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A Level English Language Starters: Language Change

Beth Kemp | Tuesday March 12, 2013

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  • A Level English Language Starters: Frameworks & Analysis
  • A Level English Language Starters: Accent & Dialect
  • A Level English Language Starters: Language & Gender
  • A Level English Language Starters: Mode & Technology
  • A Level English Language Starters: Child Language Acquisition
  • A Level English Language Starters: Language & Power

What’s this? is a great starter in the early stages of studying new words.  Simply collect five very recent new words that are currently not widely used.  (Internet articles on new words are a great source of these words that are not yet in everyday usage). These can be displayed on a slide for students to note down (in a fixed time) what they think they mean.  This can easily be extended into the next phase of the lesson by selecting words all formed by a single process, e.g. all blends, to enable you to shift into teaching that process.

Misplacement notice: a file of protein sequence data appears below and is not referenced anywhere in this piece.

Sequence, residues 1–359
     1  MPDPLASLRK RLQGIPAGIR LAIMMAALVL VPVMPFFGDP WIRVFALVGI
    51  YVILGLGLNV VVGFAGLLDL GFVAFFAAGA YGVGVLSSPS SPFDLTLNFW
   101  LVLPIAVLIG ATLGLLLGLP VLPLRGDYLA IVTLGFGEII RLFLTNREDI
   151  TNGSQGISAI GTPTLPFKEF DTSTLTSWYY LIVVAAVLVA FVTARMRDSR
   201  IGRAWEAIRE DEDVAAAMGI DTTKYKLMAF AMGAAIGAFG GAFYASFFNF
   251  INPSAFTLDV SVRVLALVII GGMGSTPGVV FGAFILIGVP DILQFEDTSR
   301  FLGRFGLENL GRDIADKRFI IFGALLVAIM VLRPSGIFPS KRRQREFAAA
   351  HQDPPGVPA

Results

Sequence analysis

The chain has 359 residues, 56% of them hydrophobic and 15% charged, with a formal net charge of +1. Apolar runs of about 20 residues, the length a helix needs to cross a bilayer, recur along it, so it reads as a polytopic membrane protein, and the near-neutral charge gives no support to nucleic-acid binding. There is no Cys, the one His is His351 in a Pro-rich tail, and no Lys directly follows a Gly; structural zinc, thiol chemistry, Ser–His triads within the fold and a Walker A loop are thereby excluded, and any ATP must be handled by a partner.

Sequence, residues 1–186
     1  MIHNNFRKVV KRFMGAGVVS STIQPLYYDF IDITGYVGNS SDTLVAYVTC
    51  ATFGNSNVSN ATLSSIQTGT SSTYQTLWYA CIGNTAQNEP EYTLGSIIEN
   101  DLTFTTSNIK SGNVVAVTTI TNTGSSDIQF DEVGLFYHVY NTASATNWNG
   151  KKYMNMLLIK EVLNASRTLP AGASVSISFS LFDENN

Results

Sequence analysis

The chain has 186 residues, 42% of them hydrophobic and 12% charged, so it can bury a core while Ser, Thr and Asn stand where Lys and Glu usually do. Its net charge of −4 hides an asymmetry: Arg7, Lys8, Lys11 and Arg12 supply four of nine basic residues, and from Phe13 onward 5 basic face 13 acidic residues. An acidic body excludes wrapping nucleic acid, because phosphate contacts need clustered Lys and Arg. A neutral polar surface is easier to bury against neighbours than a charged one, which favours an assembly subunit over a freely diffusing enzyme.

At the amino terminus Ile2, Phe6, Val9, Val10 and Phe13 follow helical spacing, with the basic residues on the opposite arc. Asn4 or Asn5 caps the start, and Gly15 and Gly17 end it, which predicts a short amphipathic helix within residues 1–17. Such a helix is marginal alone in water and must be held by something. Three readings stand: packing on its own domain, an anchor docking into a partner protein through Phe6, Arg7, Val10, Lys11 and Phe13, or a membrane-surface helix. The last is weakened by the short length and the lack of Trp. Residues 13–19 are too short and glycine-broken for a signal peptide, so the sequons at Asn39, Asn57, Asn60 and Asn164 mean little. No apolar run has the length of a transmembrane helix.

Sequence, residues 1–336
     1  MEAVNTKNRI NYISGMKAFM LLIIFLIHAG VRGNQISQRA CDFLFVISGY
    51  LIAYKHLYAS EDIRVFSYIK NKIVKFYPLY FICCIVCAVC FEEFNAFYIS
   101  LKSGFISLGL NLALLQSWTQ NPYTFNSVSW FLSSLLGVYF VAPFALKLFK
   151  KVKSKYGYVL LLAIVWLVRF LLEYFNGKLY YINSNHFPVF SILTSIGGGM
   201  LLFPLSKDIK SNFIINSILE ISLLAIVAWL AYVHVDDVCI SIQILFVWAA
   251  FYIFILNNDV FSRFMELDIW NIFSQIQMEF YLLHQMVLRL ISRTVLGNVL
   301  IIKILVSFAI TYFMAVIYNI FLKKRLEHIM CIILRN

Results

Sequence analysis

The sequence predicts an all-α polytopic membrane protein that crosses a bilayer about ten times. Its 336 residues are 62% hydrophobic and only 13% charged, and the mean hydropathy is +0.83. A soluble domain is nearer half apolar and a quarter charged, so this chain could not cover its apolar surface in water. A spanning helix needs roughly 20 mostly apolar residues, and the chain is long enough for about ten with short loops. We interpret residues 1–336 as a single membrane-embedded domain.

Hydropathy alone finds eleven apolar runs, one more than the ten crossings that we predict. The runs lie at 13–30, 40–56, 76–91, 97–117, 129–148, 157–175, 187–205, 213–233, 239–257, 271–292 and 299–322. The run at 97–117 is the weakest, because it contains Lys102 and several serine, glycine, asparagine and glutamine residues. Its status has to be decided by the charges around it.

Where did they come from? works well for teaching word formation processes.  Again, you will need a stock of recent additions (although this time it doesn’t matter whether students are likely to be familiar with them or not), with definitions.  The point here is for students to attempt to describe how the word has been created.  This can be done before introducing word formation terminology, as students can explain in their own words how each word has come about, with the labels being provided at the end of the activity.  At this stage, labels can be taught and explained, or students can attempt to guess which label describes which process in a matching-type task, as many of the labels are logical. 

Another way of doing this one is to provide each student with a new word for them to work on individually.  This can then enable students to form groups by finding others with the same process, which can be a productive way of managing groups for the next task and facilitate differentiation. 

New words needed is a nice activity inviting students to invent...


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